Quelling the myths and misconceptions regarding AIDS

world-aids-day-event

Standing in 2016, even today AIDS/HIV is shrouded in a lot of mystery, misconceptions and myths. There is still a certain stigma attached to the disease which mainly stems from the lack of awareness about it. World AIDS Day observed globally on December 1 has done a lot to alleviate the stigma but not nearly enough. Even though AIDS still has no cure, advanced treatments are now available giving patients a longer and relatively healthier life span. Despite that, according to the World Health Organization(WHO), an estimated 36 million people have lost their lives to the disease in between 1981 and 2012 and around 35 million are living with the infection today. So AIDS is still a leading global health problem and on this World AIDS Day, let’s try to dispel some of the common misconceptions around it.

  • HIV and AIDS are the same thing: Though related, HIV and AIDS are not the same thing. HIV(Human Immunodeficiency Virus) is the virus that carries the disease while AIDS(acquired immunodeficiency syndrome) is the disease caused by the infection. But all HIV positive people do not actually develop AIDS. With so many therapies available now, the level of HIV infections can be controlled and a healthy immunity system maintained, thus preventing AIDS.
  • AIDS is transmitted through insect bite or casual touch:HIV cannot survive on the surface so it can’t be transferred through handshakes or hugs. Sharing plates and cutlery or using the same washroom is also completely safe. When an insect like mosquito bites, it only sucks blood but does not inject the blood of the previous person it bit. HIV is also not air or water borne so it does not spread through sneezing, coughing or spitting.
  • Kissing and oral sex is unsafe: Kissing and physical contact is absolutely safe as long as none of the partners have open sores or bleeding gums and their blood do not mix.
  • Infected person cannot have sex: An HIV positive person can have sex without the risk of transmitting the virus by using protection. Condoms are highly effective in preventing transmission of HIV and other sexuallytransmitted infections(STIs).
  • Only homosexuals are infected: This is a very common misconception regarding AIDS. Though the LGBT community makes up about 78% of the infected population, heterosexuals are 24% of the newlyinfected. Anyone having unprotected sex with multiple partners or using shared injecting equipment is at the risk of being infected with HIV.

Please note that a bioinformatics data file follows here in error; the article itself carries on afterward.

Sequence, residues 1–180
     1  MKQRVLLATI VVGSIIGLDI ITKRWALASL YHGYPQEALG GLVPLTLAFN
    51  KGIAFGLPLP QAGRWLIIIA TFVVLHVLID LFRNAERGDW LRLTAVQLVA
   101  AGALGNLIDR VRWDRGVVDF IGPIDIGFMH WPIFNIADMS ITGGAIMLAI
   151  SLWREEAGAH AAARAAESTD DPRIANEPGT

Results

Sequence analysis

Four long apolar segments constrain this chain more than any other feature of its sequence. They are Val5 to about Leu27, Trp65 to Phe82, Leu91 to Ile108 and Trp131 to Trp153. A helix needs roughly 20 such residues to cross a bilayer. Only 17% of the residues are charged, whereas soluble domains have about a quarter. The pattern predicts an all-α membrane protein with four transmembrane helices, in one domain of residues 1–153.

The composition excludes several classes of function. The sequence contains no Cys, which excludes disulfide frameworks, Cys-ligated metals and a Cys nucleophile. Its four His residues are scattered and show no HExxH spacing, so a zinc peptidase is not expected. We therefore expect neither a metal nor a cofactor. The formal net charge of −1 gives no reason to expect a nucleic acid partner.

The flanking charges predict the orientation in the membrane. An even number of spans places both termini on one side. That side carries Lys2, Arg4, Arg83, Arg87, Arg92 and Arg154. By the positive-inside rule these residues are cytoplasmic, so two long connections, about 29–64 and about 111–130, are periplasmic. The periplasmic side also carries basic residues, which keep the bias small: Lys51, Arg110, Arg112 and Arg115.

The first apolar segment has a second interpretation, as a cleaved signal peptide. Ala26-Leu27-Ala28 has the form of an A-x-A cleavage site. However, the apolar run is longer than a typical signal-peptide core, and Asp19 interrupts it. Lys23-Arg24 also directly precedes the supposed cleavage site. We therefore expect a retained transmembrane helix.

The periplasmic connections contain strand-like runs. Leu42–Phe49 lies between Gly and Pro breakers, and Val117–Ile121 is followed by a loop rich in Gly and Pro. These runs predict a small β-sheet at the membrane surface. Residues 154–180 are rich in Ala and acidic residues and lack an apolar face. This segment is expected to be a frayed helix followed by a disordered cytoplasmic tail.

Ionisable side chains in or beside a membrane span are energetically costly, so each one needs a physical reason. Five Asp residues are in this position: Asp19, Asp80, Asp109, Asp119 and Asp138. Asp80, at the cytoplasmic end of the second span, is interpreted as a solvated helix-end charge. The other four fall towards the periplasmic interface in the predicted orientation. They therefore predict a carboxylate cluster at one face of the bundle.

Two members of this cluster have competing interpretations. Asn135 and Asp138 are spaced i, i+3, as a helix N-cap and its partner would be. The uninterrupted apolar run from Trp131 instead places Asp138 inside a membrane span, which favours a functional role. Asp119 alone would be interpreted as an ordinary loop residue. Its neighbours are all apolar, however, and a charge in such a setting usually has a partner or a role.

• Two positive persons can have unprotected sex: There are different strains of HIV and your sexual partner can carry a different strain than you. If the two get mixed, it might cause resistance in the working of antiretroviral drugs and slow down the treatment.
  • Transmission of HIV from mother to infant: Developments and advancements in research and treatment have gone a long way in preventing transmission from infected mother to the fetus. Antiretroviral drugs bring down the viral load considerably and passing on the virus to the baby is a one in a hundred possibility. Pregnancy also does not accelerate the growth of the virus in the mother.

Earlier, getting diagnosed with AIDS almost meant a pronounced death sentence. The disease itself was deadly and the ignorance about the condition only worsened the situation for the patients as isolation from society put an end to their normal lives. But increased awareness and better medical help have improved life expectancy and given the patients and their families a glimmer of hope.

 

Mekhla Gan

About Mekhla Gan

"The whole world opened to me when I learned to read" and I have been hooked to it ever since. Suspending my own life, cocooning in someone else's imagination and in the process, living a thousand lives is for me the most exhilarating way of experiencing life. Books are what I turn to in my happy and not so happy times for it is in them that I find the words for what I have known all along..
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